“The Disability Arts Movement broke the struggle for social equality down to peoples’ stories and that’s what I’ve always been interested in – how individuals can change society,” says David Hevey, film producer and director and project director of NDACA. “This project is all about harnessing the power of art to achieve social change.

“The stereotype of disabled people used to be that they were a group who needed our pity, when actually in my opinion it’s always outsiders in society who are the agents of change,” he adds. “You can’t necessarily play football with a disability but anyone can be creative. Art allows people in.”

Barbara Lisicki was the first disabled female stand-up comedy artist in the UK, taking to the stage in 1988 at a roving London cabaret night called Workhouse. She was right at the heart of the Disability Arts Movement, and has continued to be involved with disability arts ever since, as well as working as an equality trainer.

A flyer for Barbara Lisicki’s comedy persona, Wanda Barabara

She co-founded the Tragic But Brave show with musicians Ian Stanton and Johnny Crescendo in the late Eighties and toured for more than five years across the UK, Europe and America. Johnny’s song “Choices and Rights” later became the unofficial anthem of the disability protest movement.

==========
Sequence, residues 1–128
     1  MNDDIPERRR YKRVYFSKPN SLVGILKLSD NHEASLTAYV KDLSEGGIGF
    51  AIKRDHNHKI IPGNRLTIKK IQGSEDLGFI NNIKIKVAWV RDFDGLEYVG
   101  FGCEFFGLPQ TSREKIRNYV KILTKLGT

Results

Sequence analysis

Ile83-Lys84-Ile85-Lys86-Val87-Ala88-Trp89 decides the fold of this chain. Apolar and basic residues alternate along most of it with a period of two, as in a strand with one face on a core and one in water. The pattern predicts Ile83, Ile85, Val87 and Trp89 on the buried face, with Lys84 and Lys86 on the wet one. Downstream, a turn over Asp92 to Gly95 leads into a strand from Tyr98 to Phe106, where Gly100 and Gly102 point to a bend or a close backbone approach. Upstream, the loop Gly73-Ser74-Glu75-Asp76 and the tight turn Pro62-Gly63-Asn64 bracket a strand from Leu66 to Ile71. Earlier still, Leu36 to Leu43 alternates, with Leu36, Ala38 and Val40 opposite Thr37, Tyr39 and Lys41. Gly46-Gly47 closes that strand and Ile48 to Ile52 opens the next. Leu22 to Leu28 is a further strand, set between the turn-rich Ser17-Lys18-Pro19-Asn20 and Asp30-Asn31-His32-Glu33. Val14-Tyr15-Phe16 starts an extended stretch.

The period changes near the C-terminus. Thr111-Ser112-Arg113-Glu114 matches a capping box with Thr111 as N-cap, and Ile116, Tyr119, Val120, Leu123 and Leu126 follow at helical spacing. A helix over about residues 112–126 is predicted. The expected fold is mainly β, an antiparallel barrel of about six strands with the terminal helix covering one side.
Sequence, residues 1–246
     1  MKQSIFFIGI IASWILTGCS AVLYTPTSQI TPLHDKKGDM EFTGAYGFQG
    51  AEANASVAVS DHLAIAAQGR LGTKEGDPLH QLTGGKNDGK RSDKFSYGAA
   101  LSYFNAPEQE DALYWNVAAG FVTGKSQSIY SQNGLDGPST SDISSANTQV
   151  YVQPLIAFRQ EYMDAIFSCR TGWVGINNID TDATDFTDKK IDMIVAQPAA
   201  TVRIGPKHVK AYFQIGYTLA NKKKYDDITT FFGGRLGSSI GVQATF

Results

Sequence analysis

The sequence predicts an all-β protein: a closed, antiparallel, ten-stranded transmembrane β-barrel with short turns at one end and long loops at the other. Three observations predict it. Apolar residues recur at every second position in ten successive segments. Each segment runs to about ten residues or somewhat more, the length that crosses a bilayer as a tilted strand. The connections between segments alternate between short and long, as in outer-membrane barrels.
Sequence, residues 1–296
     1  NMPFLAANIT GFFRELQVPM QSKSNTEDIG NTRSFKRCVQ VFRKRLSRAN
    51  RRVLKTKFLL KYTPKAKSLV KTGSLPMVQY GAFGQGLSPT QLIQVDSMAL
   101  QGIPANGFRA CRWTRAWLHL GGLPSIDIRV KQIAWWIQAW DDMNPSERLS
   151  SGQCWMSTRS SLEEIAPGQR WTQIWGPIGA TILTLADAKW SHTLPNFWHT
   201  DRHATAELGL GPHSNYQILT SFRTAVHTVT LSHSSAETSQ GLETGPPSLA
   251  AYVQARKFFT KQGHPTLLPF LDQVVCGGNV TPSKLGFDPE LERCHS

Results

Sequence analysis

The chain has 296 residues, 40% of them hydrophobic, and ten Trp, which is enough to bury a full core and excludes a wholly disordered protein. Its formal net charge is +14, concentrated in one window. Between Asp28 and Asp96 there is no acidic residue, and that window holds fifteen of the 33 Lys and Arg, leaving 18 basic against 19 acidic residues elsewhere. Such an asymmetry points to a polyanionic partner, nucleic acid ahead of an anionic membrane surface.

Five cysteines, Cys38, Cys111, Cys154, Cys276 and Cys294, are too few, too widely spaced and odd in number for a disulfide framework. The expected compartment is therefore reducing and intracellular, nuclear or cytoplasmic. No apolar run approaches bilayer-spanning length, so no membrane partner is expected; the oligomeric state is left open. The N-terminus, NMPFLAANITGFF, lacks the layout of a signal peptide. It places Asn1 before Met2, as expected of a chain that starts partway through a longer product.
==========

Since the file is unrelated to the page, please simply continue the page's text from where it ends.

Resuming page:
“My comedy was always satirical and political rather than being about me – just all those stupidities and absurdities you encounter daily as a disabled person. I tried to take the stigma out of it all,” Lisicki recalls.

“A big issue fuelling the protest arm of the Disability Arts Movement was how charities in the 1980s and 1990s portrayed us. The only stories you’d see, were ‘tragic, but brave’ ones – hence the name of our show.”

Advertising billboards would display “the most offensive images”, but that simply did not reflect the reality of the disabled community, Lisicki says.

“We wanted to fight back against these and to counter stereotypes you’d see in films in which disabled characters were either stupid or evil. Even movies like Born on the Fourth of July and Scent of a Woman were troubling, because you had non-disabled actors like Al Pacino and Tom Cruise playing parts that then became almost a caricature.”

The Block Telethon protests of 1992